Besides depressed mood, the clinical definition of depression includes examining other symptoms such as excessive body weight gain or loss, sleeping more or less, psychomotor changes, fatigue, difficulty concentrating or thoughts of death. Mental health experts agree on some common coping strategies such as increase physical activity, avoid isolating yourself from other people, engage in activities that once liked to do, watch a funny movie, and avoid punishing yourself for feeling bad. Seeing a medical doctor to rule out physical problems is recommended. These and all the coping mechanisms in the world will not be enough if one core issue is not dealt with. That issue is self concept. A person’s perception of self-worth governs everything about a person’s behavior. Our inner person health centers around our perceived worthfulness in view of God and other people around us. Many of my blog articles show how this is true and the one I mention above on the topic of anger is especially relevant to depression.
As for me, I have discovered God’s love as the solution to my self worth dilemmas and a place of refuge to escape depression. As part of my formal education in psychology, I discovered I fit the definition of clinical depression, but never had been diagnosed. To this day I’ve never taken medication to treat depression (neither legal nor illegal substances). My background includes severe injury during the birth process that caused me to live my life as a legally blind person. I’ve overcome many challenges, but depression is something that lurks to steal the joy of the sweetest successes. I sometimes identify with the Psalmist who asks, “How long must I wrestle with my thoughts and day after day have sorrow in my heart?” (Psalm 13:2)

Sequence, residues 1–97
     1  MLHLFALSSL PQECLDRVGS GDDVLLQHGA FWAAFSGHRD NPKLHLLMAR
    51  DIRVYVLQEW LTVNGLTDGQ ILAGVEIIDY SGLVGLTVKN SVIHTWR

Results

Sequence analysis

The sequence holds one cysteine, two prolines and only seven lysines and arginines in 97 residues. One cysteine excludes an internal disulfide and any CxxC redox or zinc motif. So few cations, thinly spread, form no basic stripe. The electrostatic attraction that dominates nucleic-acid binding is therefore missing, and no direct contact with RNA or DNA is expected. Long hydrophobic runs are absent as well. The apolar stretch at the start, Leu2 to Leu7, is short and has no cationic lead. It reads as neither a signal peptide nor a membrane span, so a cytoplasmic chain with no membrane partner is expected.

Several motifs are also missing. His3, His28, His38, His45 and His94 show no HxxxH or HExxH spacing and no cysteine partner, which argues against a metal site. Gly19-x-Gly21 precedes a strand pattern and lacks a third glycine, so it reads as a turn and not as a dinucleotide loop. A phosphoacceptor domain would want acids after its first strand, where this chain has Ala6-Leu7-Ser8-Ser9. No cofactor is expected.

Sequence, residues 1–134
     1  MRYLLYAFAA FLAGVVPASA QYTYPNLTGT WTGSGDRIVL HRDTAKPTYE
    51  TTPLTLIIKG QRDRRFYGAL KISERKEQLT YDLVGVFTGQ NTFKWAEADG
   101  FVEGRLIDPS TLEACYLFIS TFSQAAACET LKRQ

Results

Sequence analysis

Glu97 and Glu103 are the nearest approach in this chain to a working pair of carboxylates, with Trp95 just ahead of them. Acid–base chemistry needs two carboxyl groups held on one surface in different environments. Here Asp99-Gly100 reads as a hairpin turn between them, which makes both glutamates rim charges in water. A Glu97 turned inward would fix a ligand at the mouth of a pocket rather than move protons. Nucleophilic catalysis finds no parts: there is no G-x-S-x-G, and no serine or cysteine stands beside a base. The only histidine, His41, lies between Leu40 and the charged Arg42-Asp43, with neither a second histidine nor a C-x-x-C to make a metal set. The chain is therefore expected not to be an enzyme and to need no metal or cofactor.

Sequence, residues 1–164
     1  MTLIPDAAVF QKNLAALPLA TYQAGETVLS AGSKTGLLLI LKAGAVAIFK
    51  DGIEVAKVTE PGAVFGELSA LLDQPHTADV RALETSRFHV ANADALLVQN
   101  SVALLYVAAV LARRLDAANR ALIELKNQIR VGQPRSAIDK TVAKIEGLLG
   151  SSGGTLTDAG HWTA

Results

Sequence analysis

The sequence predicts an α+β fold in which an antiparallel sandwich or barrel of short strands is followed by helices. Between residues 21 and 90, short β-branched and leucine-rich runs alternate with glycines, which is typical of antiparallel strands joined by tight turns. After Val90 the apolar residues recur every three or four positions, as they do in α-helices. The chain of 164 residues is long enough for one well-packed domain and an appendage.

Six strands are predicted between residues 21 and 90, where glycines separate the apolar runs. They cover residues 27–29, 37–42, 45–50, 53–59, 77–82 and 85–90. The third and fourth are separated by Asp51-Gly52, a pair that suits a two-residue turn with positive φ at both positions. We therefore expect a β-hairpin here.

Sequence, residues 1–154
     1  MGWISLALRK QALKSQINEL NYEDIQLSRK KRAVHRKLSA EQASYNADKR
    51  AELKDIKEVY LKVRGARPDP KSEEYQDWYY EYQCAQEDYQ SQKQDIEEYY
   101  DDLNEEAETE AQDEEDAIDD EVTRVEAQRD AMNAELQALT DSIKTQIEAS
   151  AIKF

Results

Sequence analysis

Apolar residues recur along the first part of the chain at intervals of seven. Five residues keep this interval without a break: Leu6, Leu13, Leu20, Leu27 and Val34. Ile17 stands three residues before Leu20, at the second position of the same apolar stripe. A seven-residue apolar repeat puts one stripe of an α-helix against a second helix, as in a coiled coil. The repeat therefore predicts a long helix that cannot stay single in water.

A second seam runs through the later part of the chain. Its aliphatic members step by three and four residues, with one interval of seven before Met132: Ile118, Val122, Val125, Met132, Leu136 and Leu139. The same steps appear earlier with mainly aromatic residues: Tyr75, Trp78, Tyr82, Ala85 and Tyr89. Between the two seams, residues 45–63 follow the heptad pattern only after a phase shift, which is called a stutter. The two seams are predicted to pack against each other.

Many peoples’ stories recorded in the Bible include symptoms of depression. The Psalms in particular describe vivid bouts of depression and its close cousin, anxiety. I read, sing, and interact with the Psalms each day to find Refuge from the storms of thoughts of defeat and disaster. See http://authoredhersh.blogspot.com/2011/05/refuge-of-psalm-7.html for an example.